1897 – 1914
With the approach of the 20th century, the great ships of the world had evolved rapidly. No longer could one see much resemblance with the old sailing vessels – no clipper bowsprits and no sailing masts. The steamship had by now established its place in the world, and the nation that operated the greatest liners was Great Britain. However, a new rival was gathering strength on the European continent.
In 1871, the many Germanic states stood united as one German empire. This new nation, with its great territories, population and natural resources soon found itself as one of the most powerful in Europe. 18 years later, in August 1889, Germany’s young Kaiser Wilhelm II attended a British naval review. In the midst of cruisers and dreadnoughts, there was one ship in particular that captured the Kaiser’s interest. She was the new White Star liner Teutonic. Fascinated by this great ship’s size and amenities, the Kaiser is said to have remarked ‘We must have some of these’.
There is no doubt that the Kaiser realised what great national symbols such ships would be for his empire. He returned to Germany with the intention of building German liners to show the world the capability of the German Empire. And what would be a better way to do this, than to capture the famous Blue Riband into German hands? But it would take them some years to do so. In Germany, there were two major transatlantic shipping companies: The Hamburg-Amerika Line and the Norddeutscher Lloyd (North German Lloyd). Neither of these lines had up until now shown any interest in operating large liners. But the steadily growing immigration traffic and the wishes of the Kaiser soon changed their minds.
Norddeutscher Lloyd was the company that took the first step. The Kaiser wanted Germany’s ships to be the greatest ever, and he wanted German shipbuilders to build them. Norddeutscher Lloyd therefore approached the Vulcan Shipyards at Stettin. With them they placed the order for what would become the very first German superliner.
On May 4th 1897, the new ship was ready for its launch. The Kaiser himself was present, and the ship was named Kaiser Wilhelm der Grosse after his grandfather. The new ship would set a new style for ocean liners. She was the largest and longest liner afloat. She would have been the biggest ever had it not been for the Great Eastern of 1860. The most striking feature of the Kaiser Wilhelm der Grosse was her four funnels, the first ship ever to sport such a quartet that for the next decade would be the symbol of size and safety. To give her record-breaking speed, the ship was fitted with reciprocating engines capable of developing some 31,000 horsepower.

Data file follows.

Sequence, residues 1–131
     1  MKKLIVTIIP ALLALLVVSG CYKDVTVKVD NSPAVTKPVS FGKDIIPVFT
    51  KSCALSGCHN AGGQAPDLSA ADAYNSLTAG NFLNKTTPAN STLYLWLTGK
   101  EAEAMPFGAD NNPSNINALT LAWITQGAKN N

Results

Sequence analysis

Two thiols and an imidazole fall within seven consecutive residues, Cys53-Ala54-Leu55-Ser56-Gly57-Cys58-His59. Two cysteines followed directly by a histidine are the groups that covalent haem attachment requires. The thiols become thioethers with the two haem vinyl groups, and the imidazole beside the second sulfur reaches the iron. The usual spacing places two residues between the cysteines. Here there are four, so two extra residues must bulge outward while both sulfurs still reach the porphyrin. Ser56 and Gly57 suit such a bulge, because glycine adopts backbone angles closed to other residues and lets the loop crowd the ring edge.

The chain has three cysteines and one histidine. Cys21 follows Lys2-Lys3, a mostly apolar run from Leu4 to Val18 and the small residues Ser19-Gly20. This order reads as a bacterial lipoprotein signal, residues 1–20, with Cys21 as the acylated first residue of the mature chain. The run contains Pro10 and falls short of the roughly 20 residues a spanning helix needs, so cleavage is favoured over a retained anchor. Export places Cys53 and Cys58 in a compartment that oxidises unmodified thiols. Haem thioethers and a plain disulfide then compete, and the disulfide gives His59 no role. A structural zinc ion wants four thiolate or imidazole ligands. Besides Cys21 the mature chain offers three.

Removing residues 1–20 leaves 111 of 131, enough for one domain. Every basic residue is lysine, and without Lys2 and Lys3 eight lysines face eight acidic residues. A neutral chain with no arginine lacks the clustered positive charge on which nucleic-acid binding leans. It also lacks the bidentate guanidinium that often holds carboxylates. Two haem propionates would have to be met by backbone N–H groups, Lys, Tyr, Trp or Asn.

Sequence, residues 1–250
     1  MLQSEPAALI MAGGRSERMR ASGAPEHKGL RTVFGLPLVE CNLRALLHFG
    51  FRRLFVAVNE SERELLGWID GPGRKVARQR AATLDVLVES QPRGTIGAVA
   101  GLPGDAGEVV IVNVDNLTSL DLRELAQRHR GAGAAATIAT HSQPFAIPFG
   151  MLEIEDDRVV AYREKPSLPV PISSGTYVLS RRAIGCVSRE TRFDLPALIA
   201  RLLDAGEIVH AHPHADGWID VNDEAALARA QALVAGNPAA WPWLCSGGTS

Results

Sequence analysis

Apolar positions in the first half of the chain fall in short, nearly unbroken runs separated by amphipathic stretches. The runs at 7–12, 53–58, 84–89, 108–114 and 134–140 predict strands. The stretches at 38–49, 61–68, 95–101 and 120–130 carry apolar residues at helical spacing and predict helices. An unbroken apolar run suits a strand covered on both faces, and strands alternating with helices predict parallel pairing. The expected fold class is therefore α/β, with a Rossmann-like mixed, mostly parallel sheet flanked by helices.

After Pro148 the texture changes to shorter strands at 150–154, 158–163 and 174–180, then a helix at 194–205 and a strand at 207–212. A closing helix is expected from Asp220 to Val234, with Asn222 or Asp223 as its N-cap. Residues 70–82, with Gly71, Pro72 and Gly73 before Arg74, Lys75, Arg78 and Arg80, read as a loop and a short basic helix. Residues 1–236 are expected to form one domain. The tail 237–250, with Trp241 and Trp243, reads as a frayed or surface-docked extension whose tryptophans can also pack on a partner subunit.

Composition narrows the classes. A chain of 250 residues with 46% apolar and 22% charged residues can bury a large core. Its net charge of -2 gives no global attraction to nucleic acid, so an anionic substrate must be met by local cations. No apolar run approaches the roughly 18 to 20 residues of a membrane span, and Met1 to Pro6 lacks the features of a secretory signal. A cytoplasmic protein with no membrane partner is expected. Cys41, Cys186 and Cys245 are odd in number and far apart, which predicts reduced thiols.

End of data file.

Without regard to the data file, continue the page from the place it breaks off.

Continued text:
But the thing that was really groundbreaking was the fashion of her interior design. For the first time in history, one single designer was responsible for the decorating of an entire ship. On the Kaiser Wilhelm der Grosse, as well as on her three subsequent sisters, the designer’s name was Johannes Poppe. His style of interiors was of a new kind, and it would be reflected in many German liners to come. Favouring baroque revival, Poppe created an atmosphere that had no match in decoration. Public rooms were given high ceilings and rich ornate carvings. His taste for grandiosity seemed to know no limits, and it was almost as if he had tried to gild the whole ship. Nevertheless, the travelling public enjoyed the new Kaiser, and she quickly became a very popular ship. Furthermore, as with the Kaiser’s ideal Teutonic, the Kaiser Wilhelm der Grosse had been built with a possible war in mind. Should it ever be necessary, the ship could be fitted with guns to serve as an auxiliary cruiser.
By the autumn of 1897, the Kaiser Wilhelm der Grosse was finally ready for her maiden voyage. Her engines did not fail her, and she managed to break both the east- and westbound records, set by the Cunarder Lucania in 1894. For the first time in history, the fabled Blue Riband was in German hands. Great Britain was in a state of shock. How could their ocean supremacy have been surpassed by a nation that was not yet 30 years of age? The White Star Line soon took back some lost honour though. In 1899, the second Oceanic was launched. She was the longest ship so far, even exceeding the length of the Great Eastern. Two years later, the Great Eastern’s tonnage was exceeded by the Celtic at 21,035 tons. But the Blue Riband would not be returned to Britain before the Mauretania and Lusitania entered service in 1907.